- Last Updated on 08:37 AM 04/11/12
- BY Katie Whitehead
The Uranium Working Group’s work plan presented at a March 7 meeting of the Uranium Mining Subcommittee drew instant, sharp criticism for its lack of transparency, which was deemed particularly reprehensible in light of the report by the National Academy of Sciences, which told us that international best practices are “founded on principles of openness, transparency and public involvement in oversight and decision-making.”
In response to the criticism, Martin Kent, Gov. Bob McDonnell’s chief of staff, sent out a letter to correct “errant reports.”
Valid concerns remain. Some were addressed in Kent’s letter; some were not. Here are some points from his letter and concerns that persist:
• The letter assures us that neither the Uranium Working Group nor the governor can lift the moratorium. Why worry that the public won’t have a say?
The Uranium Working Group will draft a statutory proposal that, if approved by the General Assembly, would end the ban on uranium mining. It might take years to write detailed regulations, but the moratorium would be over.
• The letter makes clear that we can write to the working group and comment in meetings. Isn’t that sufficient public participation?
This would seem to fall short of the NAS report’s recommendation that, “Meaningful and timely public participation should occur throughout the life cycle of a project, beginning at the earliest stages of project planning.” For example, there appears to be no opportunity to interact with the Uranium Working Group and no opportunity to ask a direct question and receive a direct answer from state agency experts or the independent experts they retain.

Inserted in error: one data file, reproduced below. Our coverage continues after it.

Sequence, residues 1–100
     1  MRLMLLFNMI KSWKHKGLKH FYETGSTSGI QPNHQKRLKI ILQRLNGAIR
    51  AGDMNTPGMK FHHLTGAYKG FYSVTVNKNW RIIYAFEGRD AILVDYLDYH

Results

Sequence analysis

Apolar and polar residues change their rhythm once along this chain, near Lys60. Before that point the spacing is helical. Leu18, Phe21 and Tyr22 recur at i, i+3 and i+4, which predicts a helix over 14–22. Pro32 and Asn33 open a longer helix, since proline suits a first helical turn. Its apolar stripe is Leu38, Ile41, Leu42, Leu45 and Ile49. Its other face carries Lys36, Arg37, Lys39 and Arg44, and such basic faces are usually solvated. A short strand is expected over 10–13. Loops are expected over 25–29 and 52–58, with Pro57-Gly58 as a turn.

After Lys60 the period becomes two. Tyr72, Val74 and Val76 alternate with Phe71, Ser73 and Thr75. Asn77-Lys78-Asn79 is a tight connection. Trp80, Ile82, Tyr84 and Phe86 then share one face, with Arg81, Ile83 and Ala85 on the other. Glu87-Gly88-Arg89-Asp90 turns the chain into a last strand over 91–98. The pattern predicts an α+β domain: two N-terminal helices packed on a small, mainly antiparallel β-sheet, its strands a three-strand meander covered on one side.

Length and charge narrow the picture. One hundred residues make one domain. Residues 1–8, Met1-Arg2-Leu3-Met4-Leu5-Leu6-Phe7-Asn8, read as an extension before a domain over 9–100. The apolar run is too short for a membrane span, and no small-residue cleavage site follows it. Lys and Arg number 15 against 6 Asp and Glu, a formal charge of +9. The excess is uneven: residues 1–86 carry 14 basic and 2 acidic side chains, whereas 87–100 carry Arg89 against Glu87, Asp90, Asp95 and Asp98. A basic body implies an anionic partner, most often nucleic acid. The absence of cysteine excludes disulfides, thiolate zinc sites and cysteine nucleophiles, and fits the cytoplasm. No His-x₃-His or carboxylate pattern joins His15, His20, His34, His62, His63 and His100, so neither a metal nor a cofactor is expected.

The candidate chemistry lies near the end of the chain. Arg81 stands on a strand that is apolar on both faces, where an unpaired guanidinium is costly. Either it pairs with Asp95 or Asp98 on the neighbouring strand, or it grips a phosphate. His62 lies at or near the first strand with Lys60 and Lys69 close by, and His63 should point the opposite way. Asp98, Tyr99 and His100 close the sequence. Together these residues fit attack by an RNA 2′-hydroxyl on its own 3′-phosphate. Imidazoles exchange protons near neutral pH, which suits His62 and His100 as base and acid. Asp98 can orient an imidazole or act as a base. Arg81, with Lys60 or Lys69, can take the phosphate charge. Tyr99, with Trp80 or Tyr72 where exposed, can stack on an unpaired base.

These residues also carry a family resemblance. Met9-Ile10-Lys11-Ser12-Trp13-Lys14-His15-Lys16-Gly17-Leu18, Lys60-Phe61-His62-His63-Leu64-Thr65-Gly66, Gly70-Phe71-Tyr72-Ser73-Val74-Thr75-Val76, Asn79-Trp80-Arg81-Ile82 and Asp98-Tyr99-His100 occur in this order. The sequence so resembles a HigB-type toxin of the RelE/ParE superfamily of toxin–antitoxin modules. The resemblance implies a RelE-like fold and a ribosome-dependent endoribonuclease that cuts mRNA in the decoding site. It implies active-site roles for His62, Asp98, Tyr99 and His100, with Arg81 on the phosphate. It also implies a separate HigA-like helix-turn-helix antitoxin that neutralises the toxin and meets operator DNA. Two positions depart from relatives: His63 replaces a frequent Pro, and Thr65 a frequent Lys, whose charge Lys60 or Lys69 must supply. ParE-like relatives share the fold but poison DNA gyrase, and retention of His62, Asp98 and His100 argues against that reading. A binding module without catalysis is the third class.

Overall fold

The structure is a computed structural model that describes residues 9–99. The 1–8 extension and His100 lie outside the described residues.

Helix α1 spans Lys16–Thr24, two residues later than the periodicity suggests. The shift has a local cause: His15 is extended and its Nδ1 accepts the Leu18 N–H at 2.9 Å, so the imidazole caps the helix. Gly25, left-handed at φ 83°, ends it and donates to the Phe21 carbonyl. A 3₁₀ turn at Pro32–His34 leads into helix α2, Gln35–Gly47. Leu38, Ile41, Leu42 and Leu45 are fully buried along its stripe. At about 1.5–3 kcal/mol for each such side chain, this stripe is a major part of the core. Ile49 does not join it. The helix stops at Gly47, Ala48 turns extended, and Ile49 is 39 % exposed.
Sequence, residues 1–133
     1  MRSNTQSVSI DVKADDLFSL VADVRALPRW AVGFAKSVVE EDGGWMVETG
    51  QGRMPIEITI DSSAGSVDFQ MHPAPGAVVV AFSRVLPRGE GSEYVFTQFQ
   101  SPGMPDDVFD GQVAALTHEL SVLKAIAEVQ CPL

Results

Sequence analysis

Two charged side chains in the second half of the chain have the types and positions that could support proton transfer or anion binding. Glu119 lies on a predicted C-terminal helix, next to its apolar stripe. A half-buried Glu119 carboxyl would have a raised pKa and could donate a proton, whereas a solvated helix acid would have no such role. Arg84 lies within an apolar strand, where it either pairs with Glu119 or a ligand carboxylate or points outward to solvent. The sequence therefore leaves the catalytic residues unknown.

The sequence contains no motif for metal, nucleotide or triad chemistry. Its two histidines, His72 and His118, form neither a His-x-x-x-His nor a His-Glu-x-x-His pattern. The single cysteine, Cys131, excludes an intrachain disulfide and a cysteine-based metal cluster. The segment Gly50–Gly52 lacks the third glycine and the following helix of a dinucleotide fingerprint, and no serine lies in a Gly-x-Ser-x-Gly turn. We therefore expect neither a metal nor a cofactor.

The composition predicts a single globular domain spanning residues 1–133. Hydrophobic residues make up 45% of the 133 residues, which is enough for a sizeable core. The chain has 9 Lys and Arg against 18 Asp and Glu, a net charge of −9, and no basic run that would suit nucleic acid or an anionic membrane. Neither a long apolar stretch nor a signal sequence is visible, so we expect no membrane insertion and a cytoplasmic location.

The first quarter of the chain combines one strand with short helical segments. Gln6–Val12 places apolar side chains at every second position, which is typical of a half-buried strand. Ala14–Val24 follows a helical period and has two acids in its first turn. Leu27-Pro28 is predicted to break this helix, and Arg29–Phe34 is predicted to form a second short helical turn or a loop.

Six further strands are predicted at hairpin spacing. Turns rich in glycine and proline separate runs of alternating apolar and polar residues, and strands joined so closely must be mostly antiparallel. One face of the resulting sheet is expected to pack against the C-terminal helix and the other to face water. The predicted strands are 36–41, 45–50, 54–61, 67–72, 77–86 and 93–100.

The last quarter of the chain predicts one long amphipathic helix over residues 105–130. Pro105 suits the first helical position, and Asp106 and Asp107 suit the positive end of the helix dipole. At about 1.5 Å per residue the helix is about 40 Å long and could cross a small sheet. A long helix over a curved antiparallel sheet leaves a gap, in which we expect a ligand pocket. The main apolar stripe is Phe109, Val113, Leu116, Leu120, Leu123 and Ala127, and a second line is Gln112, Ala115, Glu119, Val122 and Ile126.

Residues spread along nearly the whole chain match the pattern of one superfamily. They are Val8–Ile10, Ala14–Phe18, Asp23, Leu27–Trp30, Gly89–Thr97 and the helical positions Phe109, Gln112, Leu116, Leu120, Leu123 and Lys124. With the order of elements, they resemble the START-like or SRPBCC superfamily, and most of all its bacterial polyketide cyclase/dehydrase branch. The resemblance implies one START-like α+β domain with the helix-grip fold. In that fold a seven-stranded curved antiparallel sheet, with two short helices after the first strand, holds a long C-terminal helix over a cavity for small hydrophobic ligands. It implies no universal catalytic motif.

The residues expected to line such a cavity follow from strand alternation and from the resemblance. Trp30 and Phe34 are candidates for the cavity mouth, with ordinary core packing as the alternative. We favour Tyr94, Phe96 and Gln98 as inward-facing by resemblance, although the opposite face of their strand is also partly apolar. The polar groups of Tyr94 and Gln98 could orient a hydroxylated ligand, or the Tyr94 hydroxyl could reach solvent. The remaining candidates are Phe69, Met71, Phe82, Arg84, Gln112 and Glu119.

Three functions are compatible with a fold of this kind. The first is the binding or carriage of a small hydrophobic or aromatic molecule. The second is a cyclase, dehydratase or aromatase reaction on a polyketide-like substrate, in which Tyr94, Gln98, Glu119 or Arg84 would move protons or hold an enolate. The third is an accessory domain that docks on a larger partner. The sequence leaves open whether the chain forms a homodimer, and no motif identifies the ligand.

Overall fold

• The letter does not correct a common misunderstanding that the Uranium Working Group will conduct site-specific studies.
The governor’s Jan. 19 press release stated that the group will do “a comprehensive and on-site study of the issue” and led many people to expect them to define the impacts and risks at Coles Hill. However, nothing in the group’s actual assignment or work plan indicates that it will either do a site-specific analysis or produce the kind of assessment of risks and impacts that would provide guidance on the decision of whether or not to proceed.
Virginia has no experience with current best practices for storing mineral processing tailings, making it essential to evaluate any proposed site thoroughly. Coles Hill combines characteristics found at sites in other countries, but no one site is sufficiently comparable that we can simply look to that site to know what to expect at Coles Hill. Geologists, hydrologists, geochemists, environmental scientists, climatologists, engineers and risk analysts would have to rely on complex modeling to predict the impacts of new practices interacting with climate and site conditions. In January 2013 scientists will not know what could happen at Coles Hill; nor will lawmakers voting on whether to accept the risks of ending the ban.
• According to the letter, the group will tell us whether public safety can be ensured. Isn’t that what everyone wants to know?
It doesn’t appear that the group’s work will address this issue in sufficiently realistic terms. For example: